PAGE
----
Having been dreadfully obsolete for several hundred years, it is a tragedy that Plato’s theory of ideas is still being taught as if it were fact. Plato’s influence might have been good in the past, but today it is destructive.
While all education is based on concepts, students rarely get to study the nature of concepts as such. They need to understand the distinction between terms, concepts and phenomena. We humans use terms (especially in the form of single words) to refer to concepts, and we use concepts (especially in the form of categories defined by being distinguished against each other) to comprehend phenomena. Terms and concepts are created, developed and reproduced in human brains and cultures. They are subjected to neurological quirks of human brains, as well as to all kinds of quirks of social dynamics. They are socially constructed: Terms and concepts is something that humans DO, they are active discursive actions.
We need to distinguish between physical reality outside us, internal realities inside us and social realities between us. While many phenomena exist in the physical world, the concepts we use to understand these phenomena (as well as the terms we use to refer to these concepts) exists only in our multitude of internal and social realities. The places where terms and concepts exist are the places inside us and between us.
Yet, Plato’s theory of ideas teaches us something completely different. It teaches that concepts comes from outside and above, not from within and between. It is an authoritarian theory, and Plato uses it to argue in favor of imposing a harsh dictatorship upon mankind: A theocracy of philosophy, where philosophers take the role of priest-kings. Philosophers set to interpret the true concepts, just like priests and oracles were set to interpret the true will of the Gods. Plato was an enemy of democracy, an enemy of intellectual freedom. Based on his theory, it is all but impossible to reach any other position.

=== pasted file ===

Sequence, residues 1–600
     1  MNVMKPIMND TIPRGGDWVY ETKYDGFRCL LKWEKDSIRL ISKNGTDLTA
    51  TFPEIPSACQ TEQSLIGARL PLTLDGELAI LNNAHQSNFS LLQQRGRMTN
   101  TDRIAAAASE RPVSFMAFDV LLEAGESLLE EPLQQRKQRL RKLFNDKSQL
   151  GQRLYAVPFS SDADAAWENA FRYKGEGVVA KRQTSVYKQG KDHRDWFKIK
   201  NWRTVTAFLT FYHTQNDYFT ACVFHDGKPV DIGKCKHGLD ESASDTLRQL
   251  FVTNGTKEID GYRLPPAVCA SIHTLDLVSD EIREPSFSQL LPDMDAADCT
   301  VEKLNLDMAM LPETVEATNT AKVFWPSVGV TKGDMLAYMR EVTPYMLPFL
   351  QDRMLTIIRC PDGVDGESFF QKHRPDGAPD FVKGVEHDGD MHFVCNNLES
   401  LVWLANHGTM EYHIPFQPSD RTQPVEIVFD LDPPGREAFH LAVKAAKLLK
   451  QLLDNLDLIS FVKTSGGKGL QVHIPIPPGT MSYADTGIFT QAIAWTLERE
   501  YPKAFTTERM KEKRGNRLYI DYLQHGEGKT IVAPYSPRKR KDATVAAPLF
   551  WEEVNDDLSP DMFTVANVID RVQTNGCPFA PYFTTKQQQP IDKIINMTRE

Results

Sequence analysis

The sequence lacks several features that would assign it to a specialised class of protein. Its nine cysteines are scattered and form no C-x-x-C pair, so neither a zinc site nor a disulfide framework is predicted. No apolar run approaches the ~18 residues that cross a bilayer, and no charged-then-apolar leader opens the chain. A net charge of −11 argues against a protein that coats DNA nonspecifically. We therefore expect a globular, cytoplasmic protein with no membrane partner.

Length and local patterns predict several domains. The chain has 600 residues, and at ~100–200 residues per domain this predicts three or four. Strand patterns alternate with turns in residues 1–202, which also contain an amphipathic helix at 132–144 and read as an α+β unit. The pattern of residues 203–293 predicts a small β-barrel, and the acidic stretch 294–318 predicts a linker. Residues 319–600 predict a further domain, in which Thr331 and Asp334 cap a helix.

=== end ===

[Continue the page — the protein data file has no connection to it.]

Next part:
Yet, this absurd theory is still taught as fact. Be it grade school, high school or university: If any theory of the nature of concept is taught at all, it is usually the pre-Kant theory of Plato that is being taught, rather than Kant’s far better theory regarding “the thing in itself” or any post-Kant theory.
As destructive as this may be, it is a modern problem. The pre-Kant world can’t be blamed for refusing to spread ideas that hadn’t been invented yet.
My question, then: What did Plato’s idea of “the world of ideas” truly contribute, in its own age?
Did it (A) discover the basic truth that phenomena and concepts need to be distinguished from each other?
Did it (B) strongly contribute to establishing philosophy as separate from religion?
Something else (E)?
If A or B or even C, then Plato’s contribution to mankind is truly remarkable. Personally, I’m most inclined to believe in D.
Did Plato truly discover the concept of “concept”? Surely the basic realization that our concepts about things are separate from the things themselves must be much older than a mere 2.500 years? There were other philosophers in Greece, and no matter how much western culture loves to deny it there were also philosophers elsewhere during and before the same era. Yesterday I read a book which sort of attributed this breakthrough to Plato. At this point I remain unconvinced, but I can’t disregard the notion that it might actually be true. If it is, then he did indeed contribute one of the greatest breakthrough in the history of human civilization. Far greater than the discovery of the number “zero”.
Did Plato really lay the groundwork for secular philosophy? Well, this can be seen in two very different ways. One is what his idea in itself contributed, while the other is what social acceptance of his idea contributed. To me, the concept of a “world of ideas” being located above and outside of us humans seems like a way of neutering secular philosophy, bringing it back into the fold of theocratic thinking while merely replacing the concept of “Gods” with the concept of “Ideas”. Then again, this kind of neutering may very well be what was needed to get theocratic civilizations to accept philosophy. Giving philosophy an excuse to exist, and thus a chance to grow into something that could eventually liberate itself from dogmatism.
Regardless of this, Platonism must have done wonder for many intellectuals self-esteem if not for their actual thinking. Elevating them to the status of being the true oracles, the ones who has the power to reach the World of Ideas.
One book I once read claimed that Plato wasn’t actually regarded as a very good philosopher by his own peers. In his own age more famous for arguing that the books of rival philosophers should be burned than for his own contribution, having been elevated to the status of The Greatest Philosopher of All Times only after many centuries had passed.
Me, I don’t know. But I want to know more. As deeply embedded in western cultural identity as Plato is, historical fact is even harder to distinguish from propaganda in a case like his. Please tell me if you have any good sources to recommend.